For channel structure 800, spatially compatible users may be assigned physical channels in the second channel subset. Other users may be assigned physical channels in the first channel subset.

FIG. 9 shows a channel structure 900 with multiple random overlapping channel subsets. In this example, L channel sets are formed with L instances of a channel tree having eight base channels. Random overlapping is used for a first channel subset containing base channels 1 through 4. Random overlapping is also used for a second channel subset containing base channels 5 through 8. Each channel set is associated with two sets of frequency hopping patterns for the two channel subsets. The base channels in the first channel subset for each channel set are pseudo-random with respect to the base channels in the first channel subset for each of the other L−1 channel sets. The same is also true for the second channel subset.

Channel structure 900 supports overlapping scheme 4. For scheme 4, the users are placed in two groups, each group is associated with one channel subset, and all users in each group are assigned physical channels in the associated channel subset. A user that is assigned a physical channel in the first channel subset in one channel set would observe (1) no interference from other users assigned with physical channels in the same channel subset of the same channel set, (2) no interference from other users assigned with physical channels in the other channel subset for all L channel sets, and (3) random interference from other users assigned with physical channels in the same channel subset for the other L−1 channel sets.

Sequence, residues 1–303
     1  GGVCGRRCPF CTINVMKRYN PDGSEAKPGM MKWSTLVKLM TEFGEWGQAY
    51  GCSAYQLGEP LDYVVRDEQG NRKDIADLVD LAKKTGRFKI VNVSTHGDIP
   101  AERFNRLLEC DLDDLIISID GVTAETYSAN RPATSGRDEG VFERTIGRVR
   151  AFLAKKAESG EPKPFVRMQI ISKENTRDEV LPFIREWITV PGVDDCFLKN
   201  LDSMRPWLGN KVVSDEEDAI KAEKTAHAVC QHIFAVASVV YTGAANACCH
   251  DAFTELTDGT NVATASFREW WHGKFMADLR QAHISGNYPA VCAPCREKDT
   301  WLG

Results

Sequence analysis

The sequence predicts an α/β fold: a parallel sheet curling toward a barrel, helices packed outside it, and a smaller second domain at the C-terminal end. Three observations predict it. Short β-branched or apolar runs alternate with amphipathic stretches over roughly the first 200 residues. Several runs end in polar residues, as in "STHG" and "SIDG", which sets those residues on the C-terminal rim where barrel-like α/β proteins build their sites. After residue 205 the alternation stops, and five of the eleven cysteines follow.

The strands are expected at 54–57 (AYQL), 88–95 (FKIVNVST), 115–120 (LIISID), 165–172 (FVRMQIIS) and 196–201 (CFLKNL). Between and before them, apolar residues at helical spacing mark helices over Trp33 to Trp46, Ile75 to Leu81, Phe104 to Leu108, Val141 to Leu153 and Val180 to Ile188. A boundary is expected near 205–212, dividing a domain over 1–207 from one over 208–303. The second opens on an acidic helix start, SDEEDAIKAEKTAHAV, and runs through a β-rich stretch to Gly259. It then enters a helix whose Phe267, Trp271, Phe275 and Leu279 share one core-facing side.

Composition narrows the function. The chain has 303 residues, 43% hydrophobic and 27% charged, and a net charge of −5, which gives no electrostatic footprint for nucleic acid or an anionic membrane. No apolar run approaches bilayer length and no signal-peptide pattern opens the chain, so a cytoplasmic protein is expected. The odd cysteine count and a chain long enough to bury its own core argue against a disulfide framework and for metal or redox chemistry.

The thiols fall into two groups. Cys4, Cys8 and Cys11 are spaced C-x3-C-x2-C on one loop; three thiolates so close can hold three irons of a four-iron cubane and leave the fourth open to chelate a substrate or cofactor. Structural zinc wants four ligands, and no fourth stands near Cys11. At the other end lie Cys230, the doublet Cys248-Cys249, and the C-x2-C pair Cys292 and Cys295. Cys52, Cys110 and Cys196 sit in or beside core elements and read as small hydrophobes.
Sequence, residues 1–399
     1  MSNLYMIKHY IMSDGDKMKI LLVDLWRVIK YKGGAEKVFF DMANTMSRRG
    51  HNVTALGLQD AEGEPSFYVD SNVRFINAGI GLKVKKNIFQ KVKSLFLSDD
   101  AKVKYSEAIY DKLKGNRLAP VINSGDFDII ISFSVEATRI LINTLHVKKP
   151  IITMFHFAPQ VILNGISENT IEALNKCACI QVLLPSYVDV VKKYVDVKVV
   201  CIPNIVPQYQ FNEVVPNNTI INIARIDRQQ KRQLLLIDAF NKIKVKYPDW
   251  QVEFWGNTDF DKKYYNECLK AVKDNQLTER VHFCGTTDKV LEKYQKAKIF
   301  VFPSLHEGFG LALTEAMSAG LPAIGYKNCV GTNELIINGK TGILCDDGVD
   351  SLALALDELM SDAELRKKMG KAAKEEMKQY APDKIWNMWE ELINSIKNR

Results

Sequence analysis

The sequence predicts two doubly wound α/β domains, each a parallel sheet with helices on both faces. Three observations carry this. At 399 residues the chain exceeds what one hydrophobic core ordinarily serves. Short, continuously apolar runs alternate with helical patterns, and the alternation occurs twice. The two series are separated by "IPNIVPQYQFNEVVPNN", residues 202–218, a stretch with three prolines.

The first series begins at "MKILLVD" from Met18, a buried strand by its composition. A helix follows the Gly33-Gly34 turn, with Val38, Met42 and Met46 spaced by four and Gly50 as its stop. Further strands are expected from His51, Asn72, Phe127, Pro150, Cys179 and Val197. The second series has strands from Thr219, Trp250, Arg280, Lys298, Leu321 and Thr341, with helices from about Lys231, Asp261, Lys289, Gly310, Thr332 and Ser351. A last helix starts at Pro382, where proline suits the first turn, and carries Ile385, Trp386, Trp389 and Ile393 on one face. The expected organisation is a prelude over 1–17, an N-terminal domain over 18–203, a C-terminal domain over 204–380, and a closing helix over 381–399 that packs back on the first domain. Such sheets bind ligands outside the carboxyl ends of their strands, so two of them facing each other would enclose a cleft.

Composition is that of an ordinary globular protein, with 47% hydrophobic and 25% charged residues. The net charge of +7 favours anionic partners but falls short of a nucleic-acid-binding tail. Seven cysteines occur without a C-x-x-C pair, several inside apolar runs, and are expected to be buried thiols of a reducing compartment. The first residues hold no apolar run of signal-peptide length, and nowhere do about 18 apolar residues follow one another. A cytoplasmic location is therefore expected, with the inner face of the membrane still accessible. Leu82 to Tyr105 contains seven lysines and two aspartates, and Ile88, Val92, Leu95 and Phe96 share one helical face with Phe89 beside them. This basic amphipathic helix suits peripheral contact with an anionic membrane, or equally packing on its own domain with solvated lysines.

Exemplary channel structures have been described above in FIGS. 4 through 9. Other channel structures may also be defined based on the description provided herein. In general, a channel structure may have any number of channel sets, any number of channel subsets, any percentage of physical channels for each channel subset, any reuse factor for each channel set/subset, and any type and combination of overlapping (e.g., random and/or common) across the channel sets.

The channel structure for the QODA system may be defined once and thereafter remain static. Alternatively, the channel structure may be adaptively defined based on the composition of the users in the system and may be signaled to the users.